Tom Knight’s Diamond Reflections: ‘Lefty’ O’Doul, The Man in the Green Suit
By Tom Knight
Brooklyn Baseball Historian
Recently we wrote a column about my late friend Buddy Hassett and the fine career he had with the Brooklyn Dodgers, Boston Braves and New York Yankees. Buddy told me an interesting story about the first time he walked into Ebbets Field.
“I borrowed an old gabardine green suit from my father and I thought I looked pretty sharp,” he said. “What a razzing I took from my teammates! ‘Look at the man in the green suit,’ someone yelled. ‘I hope he can hit like the other guy in the green suit!’”
They were referring, of course, to another great Brooklyn favorite of the early 1930s, the late Lefty O’Doul, who was known as “the man in the green suit.” No more green suits for Buddy!
Frank “Lefty” O’Doul, a smiling Irishman from San Francisco, had an unusual baseball career. Had he not started out as a pitcher, he may well have made the Hall of Fame as a hitter.
Lefty was up and down with the New York Yankees for three seasons, from 1919 to 1922. He appeared in a few games with no decisions and, in his final year, in 1923, he won one game and lost one with the Boston Red Sox. The 6-foot, 180-pound pitcher returned to the Pacific Coast League. A sore arm convinced him that his pitching days were over.
Lefty became an outfielder and had a talent for hitting. In a few seasons, he was one of the best hitters on the coast. He was signed by the New York Giants for the 1928 season.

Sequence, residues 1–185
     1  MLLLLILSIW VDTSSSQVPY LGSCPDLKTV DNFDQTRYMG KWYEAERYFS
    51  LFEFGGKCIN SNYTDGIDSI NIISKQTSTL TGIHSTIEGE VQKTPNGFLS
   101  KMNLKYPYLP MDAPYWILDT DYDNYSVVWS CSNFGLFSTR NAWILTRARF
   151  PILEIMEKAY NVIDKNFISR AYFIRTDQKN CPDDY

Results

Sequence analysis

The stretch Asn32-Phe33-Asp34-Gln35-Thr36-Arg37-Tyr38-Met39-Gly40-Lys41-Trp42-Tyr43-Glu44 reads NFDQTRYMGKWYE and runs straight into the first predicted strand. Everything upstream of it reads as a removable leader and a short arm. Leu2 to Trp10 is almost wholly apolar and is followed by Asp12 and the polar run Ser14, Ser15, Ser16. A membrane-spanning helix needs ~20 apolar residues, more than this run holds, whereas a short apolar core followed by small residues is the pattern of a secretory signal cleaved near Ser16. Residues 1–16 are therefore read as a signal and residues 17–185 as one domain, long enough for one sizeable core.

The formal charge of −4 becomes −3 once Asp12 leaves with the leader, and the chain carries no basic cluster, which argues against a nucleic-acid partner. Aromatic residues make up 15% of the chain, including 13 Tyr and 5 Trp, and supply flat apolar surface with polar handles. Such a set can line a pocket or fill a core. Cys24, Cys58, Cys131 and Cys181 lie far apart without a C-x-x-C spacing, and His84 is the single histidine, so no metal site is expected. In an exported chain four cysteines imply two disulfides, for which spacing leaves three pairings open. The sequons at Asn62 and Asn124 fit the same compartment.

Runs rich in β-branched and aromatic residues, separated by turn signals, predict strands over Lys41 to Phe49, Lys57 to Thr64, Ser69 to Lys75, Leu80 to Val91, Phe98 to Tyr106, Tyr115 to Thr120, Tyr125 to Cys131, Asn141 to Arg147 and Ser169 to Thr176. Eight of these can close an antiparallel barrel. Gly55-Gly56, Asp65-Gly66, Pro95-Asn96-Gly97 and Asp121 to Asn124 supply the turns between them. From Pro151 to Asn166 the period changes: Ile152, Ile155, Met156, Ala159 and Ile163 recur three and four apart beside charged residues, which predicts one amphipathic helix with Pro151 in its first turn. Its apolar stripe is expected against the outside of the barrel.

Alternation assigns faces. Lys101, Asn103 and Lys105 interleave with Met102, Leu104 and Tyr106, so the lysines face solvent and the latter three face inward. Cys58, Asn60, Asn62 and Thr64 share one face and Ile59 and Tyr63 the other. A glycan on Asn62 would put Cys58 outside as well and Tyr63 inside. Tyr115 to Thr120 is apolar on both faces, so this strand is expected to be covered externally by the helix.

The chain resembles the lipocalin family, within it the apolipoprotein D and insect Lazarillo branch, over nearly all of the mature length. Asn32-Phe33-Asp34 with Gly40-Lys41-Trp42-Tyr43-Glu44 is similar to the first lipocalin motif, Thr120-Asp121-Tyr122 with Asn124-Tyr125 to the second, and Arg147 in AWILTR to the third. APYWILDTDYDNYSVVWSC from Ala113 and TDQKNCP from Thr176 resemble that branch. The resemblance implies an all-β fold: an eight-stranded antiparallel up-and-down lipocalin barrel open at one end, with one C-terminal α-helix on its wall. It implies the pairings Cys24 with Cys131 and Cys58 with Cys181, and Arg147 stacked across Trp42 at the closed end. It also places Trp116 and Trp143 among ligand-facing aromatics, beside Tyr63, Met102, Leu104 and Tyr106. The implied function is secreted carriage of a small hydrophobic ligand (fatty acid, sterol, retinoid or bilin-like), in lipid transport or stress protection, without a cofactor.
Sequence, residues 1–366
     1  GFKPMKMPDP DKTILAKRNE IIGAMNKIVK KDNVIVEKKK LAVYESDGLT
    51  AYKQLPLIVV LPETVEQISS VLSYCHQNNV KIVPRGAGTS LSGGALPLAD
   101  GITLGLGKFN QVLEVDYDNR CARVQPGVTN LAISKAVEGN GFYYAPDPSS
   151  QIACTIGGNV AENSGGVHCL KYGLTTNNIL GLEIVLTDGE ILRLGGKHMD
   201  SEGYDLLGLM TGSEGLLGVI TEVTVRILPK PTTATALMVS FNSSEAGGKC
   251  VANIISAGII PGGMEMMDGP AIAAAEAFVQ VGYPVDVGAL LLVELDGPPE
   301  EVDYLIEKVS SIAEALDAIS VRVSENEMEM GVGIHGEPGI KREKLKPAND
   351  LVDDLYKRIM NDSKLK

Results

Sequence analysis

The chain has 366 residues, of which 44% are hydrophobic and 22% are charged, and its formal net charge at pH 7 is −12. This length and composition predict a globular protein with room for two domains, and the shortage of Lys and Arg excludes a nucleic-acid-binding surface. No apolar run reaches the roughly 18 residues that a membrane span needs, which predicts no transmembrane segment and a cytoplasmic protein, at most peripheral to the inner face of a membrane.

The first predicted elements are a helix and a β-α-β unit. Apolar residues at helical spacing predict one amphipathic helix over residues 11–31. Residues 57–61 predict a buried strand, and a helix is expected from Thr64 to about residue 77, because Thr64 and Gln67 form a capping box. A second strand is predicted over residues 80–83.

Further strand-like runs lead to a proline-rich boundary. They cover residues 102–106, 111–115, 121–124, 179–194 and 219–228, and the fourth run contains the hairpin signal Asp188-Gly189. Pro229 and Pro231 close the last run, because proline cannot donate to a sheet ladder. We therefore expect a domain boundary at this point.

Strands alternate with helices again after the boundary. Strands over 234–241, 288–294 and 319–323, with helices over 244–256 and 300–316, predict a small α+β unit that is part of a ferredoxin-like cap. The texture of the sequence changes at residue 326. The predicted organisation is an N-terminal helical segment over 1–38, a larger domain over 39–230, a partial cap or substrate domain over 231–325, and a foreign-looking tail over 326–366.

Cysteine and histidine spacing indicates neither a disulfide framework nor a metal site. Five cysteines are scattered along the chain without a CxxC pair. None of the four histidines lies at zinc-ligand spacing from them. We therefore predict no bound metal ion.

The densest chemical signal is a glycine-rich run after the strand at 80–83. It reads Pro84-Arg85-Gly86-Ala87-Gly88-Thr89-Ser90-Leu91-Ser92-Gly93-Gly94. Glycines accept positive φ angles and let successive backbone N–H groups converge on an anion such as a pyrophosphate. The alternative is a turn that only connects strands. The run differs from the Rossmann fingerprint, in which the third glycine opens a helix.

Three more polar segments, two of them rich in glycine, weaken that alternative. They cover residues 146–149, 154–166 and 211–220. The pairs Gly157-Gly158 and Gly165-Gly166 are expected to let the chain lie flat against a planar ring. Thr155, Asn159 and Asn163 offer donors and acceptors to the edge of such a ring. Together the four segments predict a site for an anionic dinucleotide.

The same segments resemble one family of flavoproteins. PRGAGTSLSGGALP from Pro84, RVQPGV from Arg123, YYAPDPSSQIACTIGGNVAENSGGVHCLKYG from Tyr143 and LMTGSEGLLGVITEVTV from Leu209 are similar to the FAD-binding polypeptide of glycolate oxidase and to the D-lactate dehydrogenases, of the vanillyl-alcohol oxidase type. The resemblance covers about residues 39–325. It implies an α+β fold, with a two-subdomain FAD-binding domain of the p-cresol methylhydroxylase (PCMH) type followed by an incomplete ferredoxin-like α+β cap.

In his first year in the National League, he hit .319.
On Oct. 29, 1928, Giants Manager John McGraw, who thought O’Doul was slow and over the hill (he was 32), traded him to the Phillies along with some cash for outfielder Freddy Leach. This had to be one of the worst trades in history.
Leach soon faded from the scene and, in 1929, the Phillies had a batting champ! O’Doul hit .398 and had a record 254 hits! (That 254 mark was tied in 1930 when the Giants’ Bill Terry hit .401.) O’Doul did not do as well in 1930 — he batted .383!
In those days, the Phillies always needed money and owner Bill Baker traded O’Doul and Fresco Thompson to Brooklyn for a bundle of cash and pitchers Jumbo Elliott and Clise Dudley, as well as outfielder Hal Lee.
O’Doul was very popular with the fans in Brooklyn and, in 1932, he won his second batting crown! His 219 hits were good for a .318 average!
On June 16, 1933, O’Doul and pitcher Watson Clark were traded to the Giants for first baseman Sambo Leslie. This was a break for O’Doul, as the Giants went on to win the N.L. pennant and then win the World Series over Washington in five games. O’Doul was only called upon once as a pinch hitter. He delivered a single to drive in two runs and help win Game 2.
It’s nice to close out a career on top. That’s what he did after the 1933 World Series. He returned to San Francisco to manage the Seals and a young player named Joe DiMaggio. He also ran a fine restaurant in his hometown for many years. I had lunch there a few times.
Lefty O’Doul was 72 when he died on Dec. 7, 1969.
Leave a Comment
Leave a Comment